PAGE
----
Florida Court Grants Dismissal of Citrix Securities Fraud Complaint

Last Friday, a Florida federal judge dismissed a securities fraud case against cloud tech company Citrix Systems, Inc. and five directors and officers of the company. Judge Raag Singhal held that the Amended Complaint “does not allege facts sufficient to form a strong inference of scienter as to any of the individual Defendants or Corporate Defendant.”

The named plaintiffs allege a class period of January 22, 2020 to October 6, 2021. The class members consist of purchasers of Citrix stock during that period. Plaintiffs allege violations of sections 10(b) and 20(a) of the Act, pertaining to “manipulative and deceptive practices” in connection with securities transactions and controlling persons liability respectively, as well as SEC Rule 10(b)-5. 

As summarized in the opinion, the case concerns Citrix’s response to the changing business environment. In the past, the opinion says, Citrix sold perpetual licenses that were maintained on the local networks of customers. Over time, the industry transitioned to cloud-based subscription services, including Citrix.

“However, as soon as this transition began, Plaintiffs assert myriad problems … beset Citrix … Despite these problems, Plaintiffs allege, Defendants repeatedly assured investors the transition was proceeding according to plan…” Such assurances allegedly caused Citrix stock to trade at an artificially inflated price during the class period.

Judge Singhal provided an in-depth analysis of the allegations and applicable law in reaching his conclusion that the complaint was insufficient. The judge found that the individual defendants’ personal sales of Citrix stock was probative of those individuals’ supposedly fraudulent state of mind but found “nothing suspicious” about those sales. Judge Singhal also determined that “ … factual allegations failed to allege facts showing the Individual Defendants knew or were severely reckless in not knowing of any material misstatements or omissions because allegations regarding officer misstatements, allegations officers were involved in the company’s cloud transition, and allegations officers timely disclosed negative results all fail to raise a strong inference of scienter.”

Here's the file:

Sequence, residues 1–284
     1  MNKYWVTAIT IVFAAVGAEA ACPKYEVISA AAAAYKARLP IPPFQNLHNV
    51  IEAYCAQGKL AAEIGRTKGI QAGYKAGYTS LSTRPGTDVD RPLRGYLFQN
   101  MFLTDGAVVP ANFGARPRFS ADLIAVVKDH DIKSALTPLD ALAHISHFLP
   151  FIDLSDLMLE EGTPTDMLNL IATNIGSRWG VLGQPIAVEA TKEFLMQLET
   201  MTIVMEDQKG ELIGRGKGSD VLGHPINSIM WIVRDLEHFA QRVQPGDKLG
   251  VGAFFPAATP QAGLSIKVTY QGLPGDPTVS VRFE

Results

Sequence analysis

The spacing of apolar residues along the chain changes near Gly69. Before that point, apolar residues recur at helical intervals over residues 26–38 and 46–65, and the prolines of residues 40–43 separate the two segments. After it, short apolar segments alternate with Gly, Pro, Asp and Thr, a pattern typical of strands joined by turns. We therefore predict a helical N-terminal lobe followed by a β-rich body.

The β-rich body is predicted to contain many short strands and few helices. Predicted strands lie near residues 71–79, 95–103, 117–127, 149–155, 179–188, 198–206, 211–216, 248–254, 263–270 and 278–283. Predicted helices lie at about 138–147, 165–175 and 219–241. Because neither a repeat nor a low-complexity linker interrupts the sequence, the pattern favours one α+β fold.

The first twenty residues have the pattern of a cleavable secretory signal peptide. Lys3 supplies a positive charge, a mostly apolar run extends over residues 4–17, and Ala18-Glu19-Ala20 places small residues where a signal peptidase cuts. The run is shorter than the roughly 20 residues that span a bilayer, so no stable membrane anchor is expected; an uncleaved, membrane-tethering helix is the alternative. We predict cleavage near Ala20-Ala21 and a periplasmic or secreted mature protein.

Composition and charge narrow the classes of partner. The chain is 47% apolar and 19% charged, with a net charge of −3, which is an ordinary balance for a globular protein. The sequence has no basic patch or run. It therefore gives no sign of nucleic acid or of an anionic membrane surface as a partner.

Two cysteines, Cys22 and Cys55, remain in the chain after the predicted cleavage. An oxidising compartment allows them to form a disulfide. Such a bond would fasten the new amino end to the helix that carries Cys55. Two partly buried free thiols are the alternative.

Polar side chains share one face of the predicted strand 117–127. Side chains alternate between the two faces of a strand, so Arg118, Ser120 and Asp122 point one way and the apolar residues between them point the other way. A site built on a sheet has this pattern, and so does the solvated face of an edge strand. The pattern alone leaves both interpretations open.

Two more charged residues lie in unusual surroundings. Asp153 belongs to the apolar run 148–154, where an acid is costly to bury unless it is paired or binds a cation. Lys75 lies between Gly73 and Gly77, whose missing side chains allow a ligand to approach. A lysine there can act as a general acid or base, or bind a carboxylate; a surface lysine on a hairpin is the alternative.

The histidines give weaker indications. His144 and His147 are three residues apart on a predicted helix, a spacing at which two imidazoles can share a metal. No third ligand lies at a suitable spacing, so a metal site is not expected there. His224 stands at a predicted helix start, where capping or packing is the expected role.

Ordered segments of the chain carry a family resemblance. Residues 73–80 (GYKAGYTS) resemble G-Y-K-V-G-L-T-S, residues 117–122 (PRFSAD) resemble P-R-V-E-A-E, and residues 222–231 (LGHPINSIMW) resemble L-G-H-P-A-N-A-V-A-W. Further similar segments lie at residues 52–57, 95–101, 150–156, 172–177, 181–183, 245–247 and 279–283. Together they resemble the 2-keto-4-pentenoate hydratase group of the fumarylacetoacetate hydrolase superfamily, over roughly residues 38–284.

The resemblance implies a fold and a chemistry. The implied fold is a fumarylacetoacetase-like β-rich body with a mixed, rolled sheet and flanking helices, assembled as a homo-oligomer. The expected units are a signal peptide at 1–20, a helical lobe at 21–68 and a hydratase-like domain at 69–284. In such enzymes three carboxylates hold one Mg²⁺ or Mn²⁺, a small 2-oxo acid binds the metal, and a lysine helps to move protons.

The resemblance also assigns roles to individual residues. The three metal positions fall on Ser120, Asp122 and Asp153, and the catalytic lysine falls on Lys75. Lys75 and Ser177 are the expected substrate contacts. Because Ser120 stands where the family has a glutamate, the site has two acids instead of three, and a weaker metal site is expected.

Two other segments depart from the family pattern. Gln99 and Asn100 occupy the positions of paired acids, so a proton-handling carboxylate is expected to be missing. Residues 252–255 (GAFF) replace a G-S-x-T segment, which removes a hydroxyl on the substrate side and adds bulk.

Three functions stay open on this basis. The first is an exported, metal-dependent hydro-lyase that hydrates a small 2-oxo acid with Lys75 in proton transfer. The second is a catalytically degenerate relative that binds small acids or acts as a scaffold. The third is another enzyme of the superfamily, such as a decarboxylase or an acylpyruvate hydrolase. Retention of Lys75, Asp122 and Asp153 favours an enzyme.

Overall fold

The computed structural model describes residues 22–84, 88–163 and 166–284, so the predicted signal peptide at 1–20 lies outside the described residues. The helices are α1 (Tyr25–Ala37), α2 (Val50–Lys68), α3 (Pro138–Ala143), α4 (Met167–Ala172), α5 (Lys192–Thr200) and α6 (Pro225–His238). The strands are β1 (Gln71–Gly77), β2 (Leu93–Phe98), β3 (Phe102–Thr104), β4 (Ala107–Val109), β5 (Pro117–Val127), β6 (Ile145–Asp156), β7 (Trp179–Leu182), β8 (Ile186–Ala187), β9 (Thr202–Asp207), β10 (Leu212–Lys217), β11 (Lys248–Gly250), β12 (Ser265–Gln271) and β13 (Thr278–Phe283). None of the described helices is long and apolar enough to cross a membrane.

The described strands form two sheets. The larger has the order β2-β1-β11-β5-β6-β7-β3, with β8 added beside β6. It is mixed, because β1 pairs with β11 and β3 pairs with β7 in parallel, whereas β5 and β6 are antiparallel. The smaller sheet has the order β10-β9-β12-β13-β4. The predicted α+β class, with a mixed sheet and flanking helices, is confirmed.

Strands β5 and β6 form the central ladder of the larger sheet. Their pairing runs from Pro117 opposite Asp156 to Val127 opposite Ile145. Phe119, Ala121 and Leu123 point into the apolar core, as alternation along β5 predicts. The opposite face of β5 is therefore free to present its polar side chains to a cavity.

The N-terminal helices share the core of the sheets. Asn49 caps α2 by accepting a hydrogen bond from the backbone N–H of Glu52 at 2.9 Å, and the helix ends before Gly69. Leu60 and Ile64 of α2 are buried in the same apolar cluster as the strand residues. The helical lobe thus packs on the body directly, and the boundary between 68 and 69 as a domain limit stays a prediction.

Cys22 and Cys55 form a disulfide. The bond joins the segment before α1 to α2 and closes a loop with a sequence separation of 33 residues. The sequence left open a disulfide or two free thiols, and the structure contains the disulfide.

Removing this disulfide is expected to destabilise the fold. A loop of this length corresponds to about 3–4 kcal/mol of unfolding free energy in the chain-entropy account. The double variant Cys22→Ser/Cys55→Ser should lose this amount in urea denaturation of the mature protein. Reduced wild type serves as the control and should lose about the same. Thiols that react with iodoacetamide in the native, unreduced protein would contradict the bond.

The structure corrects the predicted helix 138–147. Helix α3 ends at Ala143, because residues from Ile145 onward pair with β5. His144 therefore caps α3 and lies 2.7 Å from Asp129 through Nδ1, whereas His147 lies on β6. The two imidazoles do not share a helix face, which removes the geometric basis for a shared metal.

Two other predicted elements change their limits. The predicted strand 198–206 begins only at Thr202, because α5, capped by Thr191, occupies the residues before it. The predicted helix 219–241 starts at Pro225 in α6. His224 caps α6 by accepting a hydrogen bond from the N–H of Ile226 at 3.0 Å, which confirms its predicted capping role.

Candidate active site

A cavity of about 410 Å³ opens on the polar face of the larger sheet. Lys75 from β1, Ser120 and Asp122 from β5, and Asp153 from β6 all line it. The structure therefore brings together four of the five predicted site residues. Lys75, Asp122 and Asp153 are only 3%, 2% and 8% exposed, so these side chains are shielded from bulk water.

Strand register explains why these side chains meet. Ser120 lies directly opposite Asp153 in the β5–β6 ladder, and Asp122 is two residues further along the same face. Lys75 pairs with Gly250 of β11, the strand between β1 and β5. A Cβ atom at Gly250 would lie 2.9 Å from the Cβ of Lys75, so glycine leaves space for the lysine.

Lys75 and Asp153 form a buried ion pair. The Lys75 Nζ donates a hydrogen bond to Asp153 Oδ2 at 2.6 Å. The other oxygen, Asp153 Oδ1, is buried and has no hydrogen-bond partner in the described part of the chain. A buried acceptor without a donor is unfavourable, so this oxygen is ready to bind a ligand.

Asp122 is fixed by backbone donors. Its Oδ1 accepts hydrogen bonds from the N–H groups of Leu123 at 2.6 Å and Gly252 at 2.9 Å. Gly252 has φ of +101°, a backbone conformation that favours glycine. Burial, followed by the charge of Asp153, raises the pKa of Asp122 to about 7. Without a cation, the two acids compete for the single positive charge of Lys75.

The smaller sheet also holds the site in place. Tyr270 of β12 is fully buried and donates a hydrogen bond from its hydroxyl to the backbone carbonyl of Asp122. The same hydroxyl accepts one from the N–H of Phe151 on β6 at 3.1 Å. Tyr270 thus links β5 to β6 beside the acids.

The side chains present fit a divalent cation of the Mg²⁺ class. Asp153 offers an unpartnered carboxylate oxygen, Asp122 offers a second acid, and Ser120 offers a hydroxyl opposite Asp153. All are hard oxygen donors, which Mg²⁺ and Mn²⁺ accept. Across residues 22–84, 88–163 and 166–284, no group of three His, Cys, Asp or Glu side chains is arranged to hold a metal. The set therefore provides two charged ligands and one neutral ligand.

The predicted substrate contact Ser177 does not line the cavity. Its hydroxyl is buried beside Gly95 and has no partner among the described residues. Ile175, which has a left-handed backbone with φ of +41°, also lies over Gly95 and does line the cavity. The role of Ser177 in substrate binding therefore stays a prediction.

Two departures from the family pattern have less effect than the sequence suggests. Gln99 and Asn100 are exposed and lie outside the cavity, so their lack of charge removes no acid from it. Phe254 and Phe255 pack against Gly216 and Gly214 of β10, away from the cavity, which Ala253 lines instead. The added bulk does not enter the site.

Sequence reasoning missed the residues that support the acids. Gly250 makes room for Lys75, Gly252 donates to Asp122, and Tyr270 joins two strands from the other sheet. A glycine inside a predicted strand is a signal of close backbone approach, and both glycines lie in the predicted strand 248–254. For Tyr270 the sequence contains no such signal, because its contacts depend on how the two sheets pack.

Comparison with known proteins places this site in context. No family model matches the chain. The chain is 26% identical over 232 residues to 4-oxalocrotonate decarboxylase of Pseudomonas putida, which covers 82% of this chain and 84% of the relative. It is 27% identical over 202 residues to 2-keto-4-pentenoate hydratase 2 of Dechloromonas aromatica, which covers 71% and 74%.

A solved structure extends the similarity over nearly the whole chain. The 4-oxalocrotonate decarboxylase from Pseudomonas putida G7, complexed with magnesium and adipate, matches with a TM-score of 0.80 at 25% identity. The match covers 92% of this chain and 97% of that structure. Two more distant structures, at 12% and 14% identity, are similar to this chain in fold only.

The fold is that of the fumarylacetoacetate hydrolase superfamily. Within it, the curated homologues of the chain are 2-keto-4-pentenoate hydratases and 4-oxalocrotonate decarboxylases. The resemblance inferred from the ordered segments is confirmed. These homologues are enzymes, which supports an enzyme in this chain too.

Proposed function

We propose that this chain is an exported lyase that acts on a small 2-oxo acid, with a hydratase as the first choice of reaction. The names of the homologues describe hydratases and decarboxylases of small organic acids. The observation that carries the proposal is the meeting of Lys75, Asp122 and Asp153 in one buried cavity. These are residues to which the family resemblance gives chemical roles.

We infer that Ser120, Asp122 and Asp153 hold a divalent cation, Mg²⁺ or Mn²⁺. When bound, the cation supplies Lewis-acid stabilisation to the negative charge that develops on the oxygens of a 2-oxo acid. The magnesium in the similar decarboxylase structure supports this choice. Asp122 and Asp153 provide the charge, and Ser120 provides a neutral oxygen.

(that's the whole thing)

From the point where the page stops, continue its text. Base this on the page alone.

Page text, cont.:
Because the scienter allegations were insufficient as to the individuals, the judge concluded that they were also insufficient as to Citrix itself. Finally, Judge Singhal rejected in a rather summary fashion several more incidental arguments Plaintiffs made to support the sufficiency of the pleading.

Lead counsel for the Plaintiffs is Robbins Geller Rudman & Dowd LLP. Counsel for Defendants are Goodwin Procter LLP and Trenam, Kemker, Scharf, Barkin, Frye, O’Neill & Mullis, P.A.